final sum2 = sadisticPixel.sumAllFields(); // Uncaught TypeError

This is why we had to include the null handling in `Pixel.sumAllFields`. Even though it seems entirely type safe when we see the implementation in `Pixel`, it can't guarantee that it would be safe in all possible classes that extend `Pixel`, and therefore does not promote the type from `int?` to `int`.


A Solution

You could just include null handling everywhere in your class methods, and in our simple example above that seems like a reasonable idea, but in practice you will probably have more complicated logic than this where adding explicit null-handling everywhere will quickly get tedious.

A neat solution in this case is to introduce a local variable. Consider this example:

class Example {
    final int? value;
    const Example(this.value);

    void function1() {
        if (value != null) {
            // logic that needs to keep checking if value is null, because we are calling the getter repeatedly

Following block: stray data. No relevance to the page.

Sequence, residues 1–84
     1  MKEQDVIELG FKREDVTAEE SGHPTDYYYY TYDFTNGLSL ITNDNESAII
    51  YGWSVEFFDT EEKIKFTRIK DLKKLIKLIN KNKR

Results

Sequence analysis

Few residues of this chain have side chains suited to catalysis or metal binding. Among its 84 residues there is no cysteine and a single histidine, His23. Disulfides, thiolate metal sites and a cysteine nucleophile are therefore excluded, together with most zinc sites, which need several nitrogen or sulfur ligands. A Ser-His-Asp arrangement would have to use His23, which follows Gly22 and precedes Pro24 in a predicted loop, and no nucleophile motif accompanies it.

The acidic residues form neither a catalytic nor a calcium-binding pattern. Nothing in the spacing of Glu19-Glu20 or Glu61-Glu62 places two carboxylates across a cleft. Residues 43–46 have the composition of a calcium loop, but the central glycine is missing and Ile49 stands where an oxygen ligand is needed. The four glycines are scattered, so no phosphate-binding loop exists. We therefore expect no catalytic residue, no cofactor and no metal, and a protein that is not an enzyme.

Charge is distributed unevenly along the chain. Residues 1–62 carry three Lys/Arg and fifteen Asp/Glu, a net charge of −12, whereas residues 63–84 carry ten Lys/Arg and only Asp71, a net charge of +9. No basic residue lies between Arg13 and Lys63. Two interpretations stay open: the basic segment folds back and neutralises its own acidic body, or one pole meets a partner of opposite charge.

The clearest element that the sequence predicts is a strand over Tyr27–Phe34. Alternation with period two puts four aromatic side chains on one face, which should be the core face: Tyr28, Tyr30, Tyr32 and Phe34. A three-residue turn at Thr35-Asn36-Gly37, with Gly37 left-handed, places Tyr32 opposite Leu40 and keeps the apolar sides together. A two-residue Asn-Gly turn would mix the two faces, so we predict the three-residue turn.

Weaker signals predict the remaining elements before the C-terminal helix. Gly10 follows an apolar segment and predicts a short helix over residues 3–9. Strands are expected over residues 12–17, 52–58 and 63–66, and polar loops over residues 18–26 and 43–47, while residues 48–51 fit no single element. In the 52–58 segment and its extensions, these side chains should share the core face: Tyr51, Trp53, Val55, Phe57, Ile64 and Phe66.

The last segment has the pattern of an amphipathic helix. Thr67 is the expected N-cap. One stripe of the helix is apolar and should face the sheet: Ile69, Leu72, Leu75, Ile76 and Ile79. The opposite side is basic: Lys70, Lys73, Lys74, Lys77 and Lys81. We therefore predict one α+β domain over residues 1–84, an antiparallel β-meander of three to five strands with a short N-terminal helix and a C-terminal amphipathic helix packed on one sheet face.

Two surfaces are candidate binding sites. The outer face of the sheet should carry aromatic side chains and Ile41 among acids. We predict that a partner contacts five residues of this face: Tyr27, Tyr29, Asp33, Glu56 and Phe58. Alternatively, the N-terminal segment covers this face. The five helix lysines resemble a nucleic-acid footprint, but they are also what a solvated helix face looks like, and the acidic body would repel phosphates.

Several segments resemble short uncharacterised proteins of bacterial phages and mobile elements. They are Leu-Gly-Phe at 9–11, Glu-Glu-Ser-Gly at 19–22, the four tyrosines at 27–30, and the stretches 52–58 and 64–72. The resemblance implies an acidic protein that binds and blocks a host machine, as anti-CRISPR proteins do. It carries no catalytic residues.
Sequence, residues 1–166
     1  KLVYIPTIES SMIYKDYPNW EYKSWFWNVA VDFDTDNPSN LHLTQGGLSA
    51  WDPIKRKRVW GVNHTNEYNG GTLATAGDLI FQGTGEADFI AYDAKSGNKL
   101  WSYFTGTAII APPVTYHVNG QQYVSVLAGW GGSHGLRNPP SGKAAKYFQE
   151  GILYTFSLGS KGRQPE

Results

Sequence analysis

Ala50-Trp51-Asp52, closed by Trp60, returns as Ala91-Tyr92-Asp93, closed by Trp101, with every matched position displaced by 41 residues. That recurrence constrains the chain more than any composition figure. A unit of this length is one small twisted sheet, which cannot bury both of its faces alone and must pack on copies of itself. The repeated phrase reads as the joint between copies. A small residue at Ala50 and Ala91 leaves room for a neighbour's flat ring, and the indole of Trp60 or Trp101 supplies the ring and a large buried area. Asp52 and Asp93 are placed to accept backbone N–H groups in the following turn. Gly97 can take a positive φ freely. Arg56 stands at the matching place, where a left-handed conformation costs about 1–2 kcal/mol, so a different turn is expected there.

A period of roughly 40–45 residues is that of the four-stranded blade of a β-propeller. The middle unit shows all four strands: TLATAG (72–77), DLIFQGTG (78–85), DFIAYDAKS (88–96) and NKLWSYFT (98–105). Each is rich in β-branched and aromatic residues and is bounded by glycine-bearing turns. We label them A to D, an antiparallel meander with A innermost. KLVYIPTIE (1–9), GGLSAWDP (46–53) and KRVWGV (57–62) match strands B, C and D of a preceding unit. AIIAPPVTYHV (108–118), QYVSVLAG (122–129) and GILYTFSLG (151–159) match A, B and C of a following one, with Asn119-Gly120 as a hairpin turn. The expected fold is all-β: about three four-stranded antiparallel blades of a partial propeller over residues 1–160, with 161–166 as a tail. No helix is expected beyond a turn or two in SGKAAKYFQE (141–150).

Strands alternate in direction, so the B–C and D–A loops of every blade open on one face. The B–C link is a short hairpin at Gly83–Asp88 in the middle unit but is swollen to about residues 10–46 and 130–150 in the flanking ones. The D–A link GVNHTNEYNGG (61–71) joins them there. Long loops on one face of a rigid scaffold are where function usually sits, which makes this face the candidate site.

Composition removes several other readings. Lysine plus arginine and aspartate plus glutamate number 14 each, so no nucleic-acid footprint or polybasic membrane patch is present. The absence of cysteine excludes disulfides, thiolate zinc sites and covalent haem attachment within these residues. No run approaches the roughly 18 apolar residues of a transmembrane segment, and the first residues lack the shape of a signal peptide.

void function2() {
        final localValue = value;
        if (localValue != null) {
            // logic can use localValue safely without checking if it's null
            // localValue can be type promoted because it isn't calling an overridable getter, it's just accessing a value

Hopefully this has helped to demystify this strange behaviour. It's worth noting that this issue is not limited to the promotion of nullable types, I've just focused on the nullable case because it's the one I've seen come up most often, but it applies to any narrowing type promotion.

For example, you could get the same behaviour if you were casting a `number` to an `int`. The reasoning is exactly the same no matter what the narrowing type conversion is though.